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In light of South Carolina Governor Mark Sanford and Utah Senator John Ensign’s recent scandals, Christopher O. Tollefsen takes a philosophical look at the problem of hypocrisy:

La Rochefoucauld famously said that “hypocrisy is a tribute vice pays to virtue.” This is often understood to mean that the hypocrite who says one thing but does another, says what he says because he knows it is right. The hypocrite possesses the knowledge that his behavior is wrong or sinful, and so speaks the truth, even while not living it.

There is something to this. A person’s failure to live up to his stated moral code need not call either the validity of that code nor his belief in the code in question. In fact, given the inevitability of moral failure in our lives, it is similarly inevitable that those with strong moral convictions will sometimes fail to act in the way they publicly identify as morally appropriate.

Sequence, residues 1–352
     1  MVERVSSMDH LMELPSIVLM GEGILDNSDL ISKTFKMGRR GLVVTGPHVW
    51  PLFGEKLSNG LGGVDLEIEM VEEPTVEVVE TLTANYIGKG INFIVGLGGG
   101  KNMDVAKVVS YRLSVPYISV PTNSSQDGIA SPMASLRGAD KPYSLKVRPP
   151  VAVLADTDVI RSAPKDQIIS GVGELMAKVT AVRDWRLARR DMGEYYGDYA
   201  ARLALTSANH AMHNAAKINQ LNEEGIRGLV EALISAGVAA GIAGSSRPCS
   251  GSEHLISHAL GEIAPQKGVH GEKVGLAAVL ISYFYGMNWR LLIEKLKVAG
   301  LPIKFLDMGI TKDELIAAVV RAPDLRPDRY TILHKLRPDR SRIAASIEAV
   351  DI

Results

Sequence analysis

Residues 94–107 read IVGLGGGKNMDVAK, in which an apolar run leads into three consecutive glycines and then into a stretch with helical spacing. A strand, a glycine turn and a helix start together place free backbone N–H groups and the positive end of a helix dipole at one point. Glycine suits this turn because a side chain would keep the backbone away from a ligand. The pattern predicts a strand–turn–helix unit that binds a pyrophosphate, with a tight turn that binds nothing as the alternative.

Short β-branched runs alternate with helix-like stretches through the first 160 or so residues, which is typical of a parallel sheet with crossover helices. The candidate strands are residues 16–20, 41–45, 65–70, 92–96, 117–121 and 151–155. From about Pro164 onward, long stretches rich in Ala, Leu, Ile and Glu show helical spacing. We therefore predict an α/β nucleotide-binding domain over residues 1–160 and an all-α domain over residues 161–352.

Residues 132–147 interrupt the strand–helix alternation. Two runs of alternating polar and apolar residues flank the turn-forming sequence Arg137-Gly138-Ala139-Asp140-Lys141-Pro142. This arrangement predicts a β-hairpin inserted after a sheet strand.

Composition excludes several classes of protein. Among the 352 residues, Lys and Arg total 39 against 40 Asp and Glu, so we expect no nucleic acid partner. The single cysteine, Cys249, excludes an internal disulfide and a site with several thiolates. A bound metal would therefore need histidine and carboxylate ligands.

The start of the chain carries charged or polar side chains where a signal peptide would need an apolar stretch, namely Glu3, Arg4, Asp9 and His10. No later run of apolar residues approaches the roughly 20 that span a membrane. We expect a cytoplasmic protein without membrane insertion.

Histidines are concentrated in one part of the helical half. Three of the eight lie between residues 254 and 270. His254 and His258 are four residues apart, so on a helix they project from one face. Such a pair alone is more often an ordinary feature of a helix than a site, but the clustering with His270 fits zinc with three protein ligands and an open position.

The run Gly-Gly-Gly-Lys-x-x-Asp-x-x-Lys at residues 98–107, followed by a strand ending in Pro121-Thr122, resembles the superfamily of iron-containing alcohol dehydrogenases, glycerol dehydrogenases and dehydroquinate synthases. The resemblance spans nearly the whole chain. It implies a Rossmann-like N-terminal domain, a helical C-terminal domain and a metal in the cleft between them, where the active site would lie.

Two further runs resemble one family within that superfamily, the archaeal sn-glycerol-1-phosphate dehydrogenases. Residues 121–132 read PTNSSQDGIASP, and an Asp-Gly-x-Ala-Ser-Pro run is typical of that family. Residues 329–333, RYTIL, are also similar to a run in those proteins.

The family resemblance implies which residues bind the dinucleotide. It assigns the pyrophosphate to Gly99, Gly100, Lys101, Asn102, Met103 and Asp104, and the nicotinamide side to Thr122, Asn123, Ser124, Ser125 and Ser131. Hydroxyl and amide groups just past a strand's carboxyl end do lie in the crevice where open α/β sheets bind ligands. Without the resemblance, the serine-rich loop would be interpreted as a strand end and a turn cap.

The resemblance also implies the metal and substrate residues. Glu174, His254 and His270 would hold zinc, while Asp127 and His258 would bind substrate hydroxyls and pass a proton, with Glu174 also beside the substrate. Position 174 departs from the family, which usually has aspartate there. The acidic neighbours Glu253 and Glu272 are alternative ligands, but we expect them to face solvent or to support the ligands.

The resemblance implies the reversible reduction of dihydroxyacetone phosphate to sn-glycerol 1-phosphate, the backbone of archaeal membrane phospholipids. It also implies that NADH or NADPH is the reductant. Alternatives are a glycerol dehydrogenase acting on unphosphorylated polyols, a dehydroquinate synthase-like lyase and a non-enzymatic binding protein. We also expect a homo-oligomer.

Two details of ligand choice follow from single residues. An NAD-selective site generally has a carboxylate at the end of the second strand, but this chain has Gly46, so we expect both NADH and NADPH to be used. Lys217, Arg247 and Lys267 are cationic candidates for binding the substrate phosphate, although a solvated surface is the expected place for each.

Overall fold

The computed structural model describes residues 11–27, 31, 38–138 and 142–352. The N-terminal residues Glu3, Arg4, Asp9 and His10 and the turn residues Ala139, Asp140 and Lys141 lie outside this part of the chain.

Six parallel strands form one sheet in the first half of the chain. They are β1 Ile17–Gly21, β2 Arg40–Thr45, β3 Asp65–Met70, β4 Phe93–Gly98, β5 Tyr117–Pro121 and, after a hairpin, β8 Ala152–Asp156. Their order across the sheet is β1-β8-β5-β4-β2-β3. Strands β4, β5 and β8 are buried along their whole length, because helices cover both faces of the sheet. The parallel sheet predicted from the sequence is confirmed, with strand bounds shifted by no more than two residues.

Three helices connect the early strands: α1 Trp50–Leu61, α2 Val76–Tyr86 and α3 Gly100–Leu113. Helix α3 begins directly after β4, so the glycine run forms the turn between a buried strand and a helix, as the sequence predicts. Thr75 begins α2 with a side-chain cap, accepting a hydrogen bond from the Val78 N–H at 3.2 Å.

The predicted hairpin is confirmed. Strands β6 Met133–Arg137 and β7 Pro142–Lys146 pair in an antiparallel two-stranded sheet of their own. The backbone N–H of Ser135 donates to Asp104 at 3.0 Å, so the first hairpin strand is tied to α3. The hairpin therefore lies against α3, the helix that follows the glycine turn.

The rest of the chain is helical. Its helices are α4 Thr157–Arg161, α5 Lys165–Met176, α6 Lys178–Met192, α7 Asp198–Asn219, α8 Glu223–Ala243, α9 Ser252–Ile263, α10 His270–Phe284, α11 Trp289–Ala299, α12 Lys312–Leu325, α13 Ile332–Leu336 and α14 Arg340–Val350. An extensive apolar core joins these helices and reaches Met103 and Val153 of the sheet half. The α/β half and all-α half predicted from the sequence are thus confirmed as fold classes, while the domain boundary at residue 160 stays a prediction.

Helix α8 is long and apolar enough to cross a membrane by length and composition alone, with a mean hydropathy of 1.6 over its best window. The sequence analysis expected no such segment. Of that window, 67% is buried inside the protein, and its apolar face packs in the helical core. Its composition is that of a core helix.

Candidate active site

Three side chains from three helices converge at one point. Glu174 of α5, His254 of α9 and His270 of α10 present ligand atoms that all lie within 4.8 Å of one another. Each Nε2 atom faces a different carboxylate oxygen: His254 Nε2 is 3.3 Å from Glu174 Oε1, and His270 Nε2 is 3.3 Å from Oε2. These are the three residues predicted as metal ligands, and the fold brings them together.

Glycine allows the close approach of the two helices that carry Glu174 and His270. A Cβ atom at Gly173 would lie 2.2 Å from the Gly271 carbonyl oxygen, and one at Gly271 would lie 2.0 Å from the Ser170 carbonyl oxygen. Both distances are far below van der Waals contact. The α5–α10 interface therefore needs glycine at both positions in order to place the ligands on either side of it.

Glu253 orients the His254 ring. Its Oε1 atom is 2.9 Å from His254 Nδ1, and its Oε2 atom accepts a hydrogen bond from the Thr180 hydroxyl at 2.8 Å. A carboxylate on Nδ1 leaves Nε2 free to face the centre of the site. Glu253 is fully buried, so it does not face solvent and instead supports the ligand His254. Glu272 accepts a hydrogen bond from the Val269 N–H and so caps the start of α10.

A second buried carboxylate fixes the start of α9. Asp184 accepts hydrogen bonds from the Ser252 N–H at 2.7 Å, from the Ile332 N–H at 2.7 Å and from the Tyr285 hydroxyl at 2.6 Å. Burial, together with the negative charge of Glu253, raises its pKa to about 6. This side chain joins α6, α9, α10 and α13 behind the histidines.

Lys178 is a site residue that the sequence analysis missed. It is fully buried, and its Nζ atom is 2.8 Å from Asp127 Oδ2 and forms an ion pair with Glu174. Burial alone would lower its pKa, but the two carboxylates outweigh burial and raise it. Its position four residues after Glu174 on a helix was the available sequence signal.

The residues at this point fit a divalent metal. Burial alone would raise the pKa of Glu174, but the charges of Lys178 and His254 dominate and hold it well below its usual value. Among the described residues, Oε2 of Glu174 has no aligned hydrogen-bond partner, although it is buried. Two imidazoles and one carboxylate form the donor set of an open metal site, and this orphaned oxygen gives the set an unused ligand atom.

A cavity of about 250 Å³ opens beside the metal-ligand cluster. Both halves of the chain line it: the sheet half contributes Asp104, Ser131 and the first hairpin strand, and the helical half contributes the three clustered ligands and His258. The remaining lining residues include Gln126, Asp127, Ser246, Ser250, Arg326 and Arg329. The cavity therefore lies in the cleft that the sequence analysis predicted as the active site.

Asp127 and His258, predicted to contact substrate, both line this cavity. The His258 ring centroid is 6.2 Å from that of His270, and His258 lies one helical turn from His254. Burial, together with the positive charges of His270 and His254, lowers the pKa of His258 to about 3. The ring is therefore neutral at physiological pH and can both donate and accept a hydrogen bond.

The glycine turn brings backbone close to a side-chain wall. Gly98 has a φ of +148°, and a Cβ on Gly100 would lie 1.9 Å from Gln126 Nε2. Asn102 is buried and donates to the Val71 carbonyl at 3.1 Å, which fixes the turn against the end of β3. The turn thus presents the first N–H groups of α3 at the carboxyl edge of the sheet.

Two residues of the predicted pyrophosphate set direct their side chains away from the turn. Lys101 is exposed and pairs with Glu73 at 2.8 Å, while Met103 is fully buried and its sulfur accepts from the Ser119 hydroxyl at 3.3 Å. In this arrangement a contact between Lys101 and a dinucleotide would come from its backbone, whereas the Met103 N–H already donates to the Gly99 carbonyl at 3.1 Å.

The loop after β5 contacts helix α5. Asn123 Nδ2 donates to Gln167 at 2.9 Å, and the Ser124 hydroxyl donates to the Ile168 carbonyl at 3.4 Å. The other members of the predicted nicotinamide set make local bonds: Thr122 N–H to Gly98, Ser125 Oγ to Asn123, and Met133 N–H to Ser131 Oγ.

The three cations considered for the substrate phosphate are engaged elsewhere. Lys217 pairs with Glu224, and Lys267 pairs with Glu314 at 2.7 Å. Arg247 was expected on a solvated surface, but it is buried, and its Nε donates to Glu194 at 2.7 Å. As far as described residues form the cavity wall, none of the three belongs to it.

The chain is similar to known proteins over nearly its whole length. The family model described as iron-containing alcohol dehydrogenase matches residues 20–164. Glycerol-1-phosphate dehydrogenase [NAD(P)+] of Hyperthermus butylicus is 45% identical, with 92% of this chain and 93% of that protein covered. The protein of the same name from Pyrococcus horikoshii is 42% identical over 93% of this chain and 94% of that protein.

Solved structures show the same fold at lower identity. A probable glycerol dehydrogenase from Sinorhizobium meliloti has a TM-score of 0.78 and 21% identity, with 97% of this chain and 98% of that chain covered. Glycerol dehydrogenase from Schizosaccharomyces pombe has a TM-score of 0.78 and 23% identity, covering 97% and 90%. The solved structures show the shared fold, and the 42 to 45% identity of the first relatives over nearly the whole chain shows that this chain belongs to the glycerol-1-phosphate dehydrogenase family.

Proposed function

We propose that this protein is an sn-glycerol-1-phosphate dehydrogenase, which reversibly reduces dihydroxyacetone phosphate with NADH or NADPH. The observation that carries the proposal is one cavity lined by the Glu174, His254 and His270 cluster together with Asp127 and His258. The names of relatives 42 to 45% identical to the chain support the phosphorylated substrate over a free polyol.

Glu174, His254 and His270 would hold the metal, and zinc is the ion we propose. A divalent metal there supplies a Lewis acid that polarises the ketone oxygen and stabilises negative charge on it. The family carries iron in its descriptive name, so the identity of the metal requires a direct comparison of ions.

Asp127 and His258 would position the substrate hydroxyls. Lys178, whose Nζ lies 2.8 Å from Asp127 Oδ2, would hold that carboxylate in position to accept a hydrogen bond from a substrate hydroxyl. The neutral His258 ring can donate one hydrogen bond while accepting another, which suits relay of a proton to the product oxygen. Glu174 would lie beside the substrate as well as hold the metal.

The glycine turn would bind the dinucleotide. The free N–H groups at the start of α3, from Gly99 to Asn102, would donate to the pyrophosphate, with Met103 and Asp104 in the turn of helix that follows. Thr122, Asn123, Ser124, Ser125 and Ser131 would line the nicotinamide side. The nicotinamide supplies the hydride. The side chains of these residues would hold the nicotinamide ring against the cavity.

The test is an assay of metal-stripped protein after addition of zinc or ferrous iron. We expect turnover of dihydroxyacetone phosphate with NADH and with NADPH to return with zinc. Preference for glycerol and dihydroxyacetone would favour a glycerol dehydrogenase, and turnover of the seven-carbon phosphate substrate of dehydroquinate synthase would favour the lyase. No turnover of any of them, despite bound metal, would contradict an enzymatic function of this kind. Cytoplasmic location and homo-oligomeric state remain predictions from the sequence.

But is hypocrisy really nothing more than the inability of persons to live up to their own moral code? No. Hypocrisy does not just involve disconnect between word and deed; it involves dissimulation, falsity in how one acts. The hypocrite does not merely make assertions he believes to be true about morality while failing to abide by them. He also makes false assertions, often by his deeds. He deceives others by creating the appearance of virtue while succumbing to vice. Creating this appearance may, of course, take a great deal of work; consider what is involved in maintaining the illusion—to one’s spouse, one’s children, and others—that one is being faithful in marriage, if one is actually having an affair

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